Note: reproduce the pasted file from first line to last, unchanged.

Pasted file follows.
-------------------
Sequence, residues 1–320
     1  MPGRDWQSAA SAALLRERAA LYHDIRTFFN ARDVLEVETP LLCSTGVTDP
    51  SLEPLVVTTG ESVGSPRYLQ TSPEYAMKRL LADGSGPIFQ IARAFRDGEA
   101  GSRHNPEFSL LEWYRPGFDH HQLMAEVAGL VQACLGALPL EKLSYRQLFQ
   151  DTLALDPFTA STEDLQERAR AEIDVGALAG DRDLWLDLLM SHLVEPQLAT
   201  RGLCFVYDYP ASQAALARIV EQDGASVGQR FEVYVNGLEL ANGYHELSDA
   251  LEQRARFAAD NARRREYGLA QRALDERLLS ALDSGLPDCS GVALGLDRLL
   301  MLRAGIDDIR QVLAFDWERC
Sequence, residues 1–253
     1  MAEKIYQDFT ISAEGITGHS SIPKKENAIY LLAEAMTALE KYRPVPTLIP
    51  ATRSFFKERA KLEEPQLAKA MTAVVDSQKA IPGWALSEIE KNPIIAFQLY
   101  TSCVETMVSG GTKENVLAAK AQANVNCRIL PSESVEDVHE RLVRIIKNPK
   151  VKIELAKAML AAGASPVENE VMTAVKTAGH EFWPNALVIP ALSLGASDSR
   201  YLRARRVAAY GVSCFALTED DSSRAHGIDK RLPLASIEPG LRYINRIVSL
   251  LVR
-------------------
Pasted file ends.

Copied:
Sequence, residues 1–320
     1  MPGRDWQSAA SAALLRERAA LYHDIRTFFN ARDVLEVETP LLCSTGVTDP
    51  SLEPLVVTTG ESVGSPRYLQ TSPEYAMKRL LADGSGPIFQ IARAFRDGEA
   101  GSRHNPEFSL LEWYRPGFDH HQLMAEVAGL VQACLGALPL EKLSYRQLFQ
   151  DTLALDPFTA STEDLQERAR AEIDVGALAG DRDLWLDLLM SHLVEPQLAT
   201  RGLCFVYDYP ASQAALARIV EQDGASVGQR FEVYVNGLEL ANGYHELSDA
   251  LEQRARFAAD NARRREYGLA QRALDERLLS ALDSGLPDCS GVALGLDRLL
   301  MLRAGIDDIR QVLAFDWERC
Sequence, residues 1–253
     1  MAEKIYQDFT ISAEGITGHS SIPKKENAIY LLAEAMTALE KYRPVPTLIP
    51  ATRSFFKERA KLEEPQLAKA MTAVVDSQKA IPGWALSEIE KNPIIAFQLY
   101  TSCVETMVSG GTKENVLAAK AQANVNCRIL PSESVEDVHE RLVRIIKNPK
   151  VKIELAKAML AAGASPVENE VMTAVKTAGH EFWPNALVIP ALSLGASDSR
   201  YLRARRVAAY GVSCFALTED DSSRAHGIDK RLPLASIEPG LRYINRIVSL
   251  LVR